The fourth planet from our sun, a cold, dusty land, of deserts & volcanoes, ice caps and canyons.
"Mars has been flown by, orbited, smacked into, radar examined, and rocketed onto... as well as bounced upon, rolled over, shovelled, drilled into, baked and even blasted...
Still to come... being stepped on."
- Buzz Aldrin
Mars is the only planet in our solar system solely inhabited by robots, robots that since 1971 have been our eyes on the ground... exploring the terrain, day in mon out, for many sols... laying the foundations for brave humans to one day venture into that harsh, inhospitable landscape.
Make no mistake, space is hard, and Mars is very hard! But well worth it! Mars offers us so much... a chance to learn about our own planet and our place in the Universe. It also offers us all the ingredients we need to live and work there.
Humans have long recognised that it has the potential to be a permanently inhabited new world for humankind to expand into. A new base from which to venture even further outward, over time, travelling deeper into the solar system.... and perhaps one day beyond it, to explore new worlds and all the mysteries they hold, as we evolve to become a truly multi-planetary species.
ATMOSPHERE ON MARS
Highlights from a Nov, 5, 2015, NASA briefing on the Mars Atmosphere and Volatile Evolution (MAVEN) mission's findings on the Martian atmosphere.
MAVEN has identified the process that appears to have played a key role in the transition of the Martian climate from an early, warm and wet environment that might have supported surface life to the cold, arid planet Mars is today.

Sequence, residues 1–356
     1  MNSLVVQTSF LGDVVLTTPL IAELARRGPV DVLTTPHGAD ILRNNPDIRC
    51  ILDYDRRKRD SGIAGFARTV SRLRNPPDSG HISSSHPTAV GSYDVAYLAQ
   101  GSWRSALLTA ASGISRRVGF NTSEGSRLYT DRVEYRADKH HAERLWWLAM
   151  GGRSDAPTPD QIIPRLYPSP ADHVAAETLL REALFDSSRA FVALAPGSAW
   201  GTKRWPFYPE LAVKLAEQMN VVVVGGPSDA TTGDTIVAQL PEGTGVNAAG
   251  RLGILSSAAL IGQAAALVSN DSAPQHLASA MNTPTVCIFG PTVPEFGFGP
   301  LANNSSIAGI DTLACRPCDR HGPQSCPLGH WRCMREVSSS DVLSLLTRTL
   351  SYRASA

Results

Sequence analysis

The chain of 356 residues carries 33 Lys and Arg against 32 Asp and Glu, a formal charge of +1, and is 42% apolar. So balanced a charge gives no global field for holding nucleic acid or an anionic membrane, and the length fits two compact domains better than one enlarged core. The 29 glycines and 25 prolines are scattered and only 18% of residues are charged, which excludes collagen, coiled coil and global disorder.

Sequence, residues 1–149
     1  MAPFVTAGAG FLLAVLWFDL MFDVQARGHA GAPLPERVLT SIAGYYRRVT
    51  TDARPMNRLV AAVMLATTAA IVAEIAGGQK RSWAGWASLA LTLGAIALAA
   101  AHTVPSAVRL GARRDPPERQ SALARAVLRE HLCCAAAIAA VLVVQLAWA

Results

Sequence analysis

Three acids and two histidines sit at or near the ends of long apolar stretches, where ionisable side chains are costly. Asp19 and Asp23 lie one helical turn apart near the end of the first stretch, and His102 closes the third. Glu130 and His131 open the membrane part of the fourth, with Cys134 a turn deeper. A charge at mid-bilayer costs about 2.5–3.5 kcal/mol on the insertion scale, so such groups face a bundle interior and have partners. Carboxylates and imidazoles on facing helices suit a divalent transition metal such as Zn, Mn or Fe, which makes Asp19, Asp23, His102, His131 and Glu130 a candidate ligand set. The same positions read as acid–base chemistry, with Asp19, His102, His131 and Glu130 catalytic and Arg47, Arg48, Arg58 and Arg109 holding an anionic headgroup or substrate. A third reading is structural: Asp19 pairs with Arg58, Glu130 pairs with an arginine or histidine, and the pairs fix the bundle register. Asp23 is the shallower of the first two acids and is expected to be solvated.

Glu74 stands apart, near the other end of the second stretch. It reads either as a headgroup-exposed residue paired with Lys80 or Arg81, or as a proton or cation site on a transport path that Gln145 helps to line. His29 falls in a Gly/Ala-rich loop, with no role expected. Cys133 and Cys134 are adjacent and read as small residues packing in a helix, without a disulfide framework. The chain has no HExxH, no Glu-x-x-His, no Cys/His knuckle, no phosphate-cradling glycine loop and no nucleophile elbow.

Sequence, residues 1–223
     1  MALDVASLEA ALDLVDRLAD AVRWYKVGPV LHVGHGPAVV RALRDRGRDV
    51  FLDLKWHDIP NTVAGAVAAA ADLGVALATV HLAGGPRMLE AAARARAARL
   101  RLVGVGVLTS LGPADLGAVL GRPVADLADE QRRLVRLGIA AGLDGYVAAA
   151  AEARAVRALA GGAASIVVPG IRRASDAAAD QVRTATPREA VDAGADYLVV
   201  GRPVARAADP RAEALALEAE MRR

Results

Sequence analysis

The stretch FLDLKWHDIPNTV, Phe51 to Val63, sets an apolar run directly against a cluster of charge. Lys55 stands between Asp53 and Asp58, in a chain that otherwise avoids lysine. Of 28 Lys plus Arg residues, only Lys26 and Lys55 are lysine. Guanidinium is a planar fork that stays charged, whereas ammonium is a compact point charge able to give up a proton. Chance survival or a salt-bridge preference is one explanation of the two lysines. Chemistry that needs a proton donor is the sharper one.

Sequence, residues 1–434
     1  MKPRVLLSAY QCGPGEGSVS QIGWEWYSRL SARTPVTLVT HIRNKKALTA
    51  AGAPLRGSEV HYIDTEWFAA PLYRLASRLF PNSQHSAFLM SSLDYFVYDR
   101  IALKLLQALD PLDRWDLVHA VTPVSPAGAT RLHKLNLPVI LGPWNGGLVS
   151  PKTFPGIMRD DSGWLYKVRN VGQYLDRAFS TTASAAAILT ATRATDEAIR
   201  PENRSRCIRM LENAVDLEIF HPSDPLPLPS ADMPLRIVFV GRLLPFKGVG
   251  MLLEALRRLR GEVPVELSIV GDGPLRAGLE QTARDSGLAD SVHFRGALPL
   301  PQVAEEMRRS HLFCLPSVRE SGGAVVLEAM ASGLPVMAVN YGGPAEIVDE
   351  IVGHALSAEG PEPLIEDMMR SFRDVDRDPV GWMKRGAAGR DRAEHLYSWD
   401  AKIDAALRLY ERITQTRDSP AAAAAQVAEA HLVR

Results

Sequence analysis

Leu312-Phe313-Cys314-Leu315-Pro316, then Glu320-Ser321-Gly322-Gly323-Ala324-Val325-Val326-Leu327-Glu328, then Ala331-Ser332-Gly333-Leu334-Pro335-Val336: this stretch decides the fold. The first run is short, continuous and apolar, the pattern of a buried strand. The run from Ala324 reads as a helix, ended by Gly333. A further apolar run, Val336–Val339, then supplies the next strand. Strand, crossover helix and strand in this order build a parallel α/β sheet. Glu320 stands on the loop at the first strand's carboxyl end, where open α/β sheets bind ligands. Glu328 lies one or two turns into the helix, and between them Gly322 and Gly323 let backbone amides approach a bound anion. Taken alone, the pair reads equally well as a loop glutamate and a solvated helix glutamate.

Long ago much of Mars’ surface was covered in oceans, rivers and lakes. We know this because we can see features such as huge dried-out river valleys across Mars. Landers and rovers exploring the surface have also found minerals that can only form in liquid water.
Liquid water cannot exist on the surface today. However, using MARSIS - Mars Advanced Radar for Subsurface and Ionosphere Sounding - a “ground-penetrating radar” designed to search for undergroundwater scientists discovered a particularly bright radar reflection, 20 km-wide, which they believe to be a large lake of liquid water.
In “The Martian,” Mark Watney uses the Martian soil to grow potatoes in the controlled environment of the “Hab.” In reality, the soil on Mars actually does have the nutrients plants would need to survive on Mars!
There may not be the right amount of nutrients depending on where astronauts land on the Red Planet, so fertilizers may need to be added to the soil. The perchlorates in the soil would be leached out and separated from the water.
NASA is developing a simulant, a replication of Mars soil, to better understand how it can be used for plant growth and other purposes.